Talk:Montreal Protocol

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Developing countries[edit]

I have been told that the protocol allows 'developing countries' to continue producing the banned CFCs. I'm wondering what countries are defined as 'developing' for this purpose. Any ideas?

-- Yes. "Developing countries" is used here as a technical short-hand for those countries the Parties refer to as "Article 5 countries." Article 5 countries have limited production of ozone-depleting substances, and are in some sense self-defined, but generally fall beneath certain thresholds for low income and development. The list of countries corresponds very closely to the general understanding.

Developing countries must also phase out the listed ozone-depleting substances, but they are on a longer time-frame for the phaseout.

Take a look at link UNEP's Article 5 Parties. Most countries on the list would be regarded as developing by most people, but the are some that many people would regard as developed. The IMF regards Singapore as an advanced economy and the World Bank classifies Antigua & Barbuda, Bahamas, Bahrain, Barbados, Brunei Darussalam, Equatorial Guinea, Kuwait, Oman, Qatar, Saudi Arabia, Singapore, Trinidad and Tobago and the United Arab Emirates as high income countries. David Sturt (talk) 13:32, 27 December 2008 (UTC)


The following discussion is closed. Please do not modify it. Subsequent comments should be made in a new section.

Discussion on renaming page, from WP:RM

Montreal Protocol on Substances that Deplete the Ozone LayerMontreal Protocol -- The Kyoto Protocol is set up with its common short name, instead of Kyoto Protocol to the United Nations Framework Convention on Climate Change, whereas the almost as common Montreal Protocol is not... (or you can reverse this argument and move Kyoto Protocol to its proper name) 19:46, 23 Oct 2004 (UTC)

The above discussion is closed. Please do not modify it. Subsequent comments should be made in a new section.


Is this a "binding" agreement? If so, what are the signatories required to do? What has been the U.S. response to the treaty? What has the EPA done to enforce the treaty? -- User:Ed Poor

-- Yes. The treaty is binding for Parties. Parties have a wide range of responsibilities, the most important of which is the phasing out of the production and use of certain ozone-depleting substances. The U.S. EPA has promulgated a wide range of regulations to enforce the treaty, largely pursuant to its authority under the U.S. Clean Air Act.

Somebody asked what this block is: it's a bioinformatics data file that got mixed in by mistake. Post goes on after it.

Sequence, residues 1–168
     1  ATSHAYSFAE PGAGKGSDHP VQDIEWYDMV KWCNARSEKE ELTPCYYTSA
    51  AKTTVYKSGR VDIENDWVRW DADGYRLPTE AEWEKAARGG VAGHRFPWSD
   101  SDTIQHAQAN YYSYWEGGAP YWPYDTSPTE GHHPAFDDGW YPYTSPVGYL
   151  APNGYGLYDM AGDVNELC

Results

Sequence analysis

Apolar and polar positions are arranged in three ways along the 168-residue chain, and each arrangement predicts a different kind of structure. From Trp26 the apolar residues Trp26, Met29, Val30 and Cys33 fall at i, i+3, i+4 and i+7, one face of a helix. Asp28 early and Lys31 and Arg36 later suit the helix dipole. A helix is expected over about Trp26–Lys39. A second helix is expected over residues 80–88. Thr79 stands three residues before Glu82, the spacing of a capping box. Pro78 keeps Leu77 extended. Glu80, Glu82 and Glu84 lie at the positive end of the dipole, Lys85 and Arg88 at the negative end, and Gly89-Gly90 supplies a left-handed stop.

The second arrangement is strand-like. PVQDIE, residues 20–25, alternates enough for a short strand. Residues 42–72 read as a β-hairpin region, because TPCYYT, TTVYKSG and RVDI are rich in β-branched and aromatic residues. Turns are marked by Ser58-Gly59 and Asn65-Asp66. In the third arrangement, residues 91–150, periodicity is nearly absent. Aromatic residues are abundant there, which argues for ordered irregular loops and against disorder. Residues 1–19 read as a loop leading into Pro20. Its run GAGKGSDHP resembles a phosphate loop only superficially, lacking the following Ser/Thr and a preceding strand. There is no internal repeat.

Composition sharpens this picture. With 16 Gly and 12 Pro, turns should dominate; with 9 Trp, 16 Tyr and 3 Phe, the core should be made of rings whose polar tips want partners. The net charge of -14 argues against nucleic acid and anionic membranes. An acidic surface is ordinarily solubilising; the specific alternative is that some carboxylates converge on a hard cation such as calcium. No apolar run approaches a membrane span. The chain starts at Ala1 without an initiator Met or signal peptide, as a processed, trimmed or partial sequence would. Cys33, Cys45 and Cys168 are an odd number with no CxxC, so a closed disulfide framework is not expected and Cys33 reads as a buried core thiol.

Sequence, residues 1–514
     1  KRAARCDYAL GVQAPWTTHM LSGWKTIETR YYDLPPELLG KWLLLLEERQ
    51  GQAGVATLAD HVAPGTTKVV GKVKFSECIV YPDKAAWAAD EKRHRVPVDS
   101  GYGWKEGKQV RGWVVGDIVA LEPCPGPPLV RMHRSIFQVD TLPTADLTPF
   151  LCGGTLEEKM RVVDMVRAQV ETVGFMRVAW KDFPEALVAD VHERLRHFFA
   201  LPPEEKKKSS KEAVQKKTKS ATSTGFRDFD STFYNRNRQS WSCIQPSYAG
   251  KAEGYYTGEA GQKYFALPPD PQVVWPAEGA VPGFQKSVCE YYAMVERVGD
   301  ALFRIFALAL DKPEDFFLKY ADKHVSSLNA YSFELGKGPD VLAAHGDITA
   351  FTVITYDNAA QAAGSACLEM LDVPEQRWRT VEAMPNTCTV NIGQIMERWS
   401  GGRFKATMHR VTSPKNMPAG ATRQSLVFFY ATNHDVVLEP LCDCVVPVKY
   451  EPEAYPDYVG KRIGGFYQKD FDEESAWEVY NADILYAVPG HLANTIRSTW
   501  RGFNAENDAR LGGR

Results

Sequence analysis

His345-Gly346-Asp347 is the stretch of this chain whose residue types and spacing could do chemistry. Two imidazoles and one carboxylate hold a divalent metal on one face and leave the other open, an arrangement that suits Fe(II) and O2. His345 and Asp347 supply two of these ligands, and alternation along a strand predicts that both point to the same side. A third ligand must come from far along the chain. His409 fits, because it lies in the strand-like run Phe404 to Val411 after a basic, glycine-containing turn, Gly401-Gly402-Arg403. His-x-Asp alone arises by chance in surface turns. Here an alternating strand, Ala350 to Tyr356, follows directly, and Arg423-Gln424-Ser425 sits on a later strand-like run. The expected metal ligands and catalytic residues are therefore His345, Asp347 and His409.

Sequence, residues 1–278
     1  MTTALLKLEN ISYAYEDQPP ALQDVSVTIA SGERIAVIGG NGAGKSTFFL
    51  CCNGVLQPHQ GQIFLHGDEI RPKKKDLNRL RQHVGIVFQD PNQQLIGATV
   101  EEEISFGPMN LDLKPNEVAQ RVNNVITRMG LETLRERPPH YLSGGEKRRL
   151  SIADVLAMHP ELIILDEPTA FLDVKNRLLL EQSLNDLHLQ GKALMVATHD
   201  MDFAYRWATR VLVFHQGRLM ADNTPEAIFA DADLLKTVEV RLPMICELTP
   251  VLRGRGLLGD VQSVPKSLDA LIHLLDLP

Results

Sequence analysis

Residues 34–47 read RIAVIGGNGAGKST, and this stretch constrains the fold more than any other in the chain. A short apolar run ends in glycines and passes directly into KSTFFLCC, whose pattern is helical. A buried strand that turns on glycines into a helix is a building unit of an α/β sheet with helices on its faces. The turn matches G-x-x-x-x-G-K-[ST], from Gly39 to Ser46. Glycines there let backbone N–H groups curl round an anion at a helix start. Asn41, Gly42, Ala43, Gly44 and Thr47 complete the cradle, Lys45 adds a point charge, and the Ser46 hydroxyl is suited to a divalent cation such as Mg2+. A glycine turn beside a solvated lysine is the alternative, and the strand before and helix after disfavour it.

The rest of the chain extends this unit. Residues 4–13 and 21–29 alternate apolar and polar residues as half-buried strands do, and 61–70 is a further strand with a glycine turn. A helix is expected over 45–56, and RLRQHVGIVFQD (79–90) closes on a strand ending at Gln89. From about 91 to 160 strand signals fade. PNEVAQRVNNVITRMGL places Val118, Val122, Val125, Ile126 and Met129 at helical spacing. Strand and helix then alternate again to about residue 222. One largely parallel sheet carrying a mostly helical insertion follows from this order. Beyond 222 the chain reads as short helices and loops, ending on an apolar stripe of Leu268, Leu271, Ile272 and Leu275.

Movinh the reasons[edit]

I am planning to move all the reasons for the protocol to this page. I will leave behind on the relevant pages links to the following argument:

  1. CFC emissions reduce statospheric ozone
  2. Reduced ozoze increases surface UV
  3. Increased surface UV increase skin cancer

I will put all the evidence which supports this hypothesis here, as well as evidence that fails to support the hypothesis. Readers can make up their own mind as to whether the facts support the hypothesis.

The relevant pages (CFC, Ozone depletion, Ultraviolet) are just fine and don't need to be changed. You can easily add the rationale behind the protocol to this article by pointing to the other articles. If somebody wants to know why UV causes cancer, they certainly would not (and should not!) look under "Montreal protocol". AxelBoldt

-- I agree. Links are more appropriate. This page would be most useful to readers if it stays focused on the Protocol itself.

CFC Ban[edit]

The article CFC ban is listed to be merged with this article. It seems to be all here except the following: Other bans have been made or proposed based on incomplete or disputed science (see precautionary principle). I'm not sure this material belongs here. I'm going to make CFC ban a redirect to here. If anyone thinks the above line (and its list of articles) belongs here they can merge it in (see the history of that article if interested). RJFJR 03:51, Apr 2, 2005 (UTC)


When was the Protocol negotiated? How long did it take? Any interesting diplomacy to discuss? RJFJR 03:44, Apr 2, 2005 (UTC)

Strawberry fields forever ozone depleting in america[edit]

This is the same america that did Agent Orange:


I will try to add something in the text about HCFCs, please correct me if I was to bold ;-) --Bbold 17:05, 26 April 2006 (UTC)

External Links[edit]

Contributor added a link to a 1998 document from the Competitive Enterprise Institute that is, IMO, biased, tendentious, and inaccurate on several points. Since the Montreal Protocol is ultimately a matter of politics rather than science, it is not inappropriate to have links to dissenting views, but I have added a couple of links to more mainstream views in order to provide some balance. (Note that even people like Bjorn Lomberg nowadays regard ozone depletion as a case where strong environmental regulations were appropriate.) --Rparson 00:53, 29 December 2005 (UTC)

Scientific Background[edit]

Changed "recent" to "contemporary" in the first paragraph. "Recent" is always related to the present and so didn't seem to make sense.Schaddm 04:03, 14 September 2006 (UTC)

Vienna Amendment[edit]

Pardon my forward comment, but I am unaware of a Vienna Amendment signed in 1995, only the Vienna Convention which was initiated in 1985. Is this correct? The basis for my comment is a research paper produced by the national environmental ministry in South Africa. Please provide clarity. Y Naiker 08:34, 12 July 2007 (UTC)

hay naku bakit niyo yan pinag uusapan  h8huhuhuhuhuhuhuhuh

mabuti la na ung mga HCFC HFC HC AT CFC —Preceding unsigned comment added by (talk) 11:41, 3 August 2009 (UTC)

Yesterday, Wednesday, the fifth,[edit]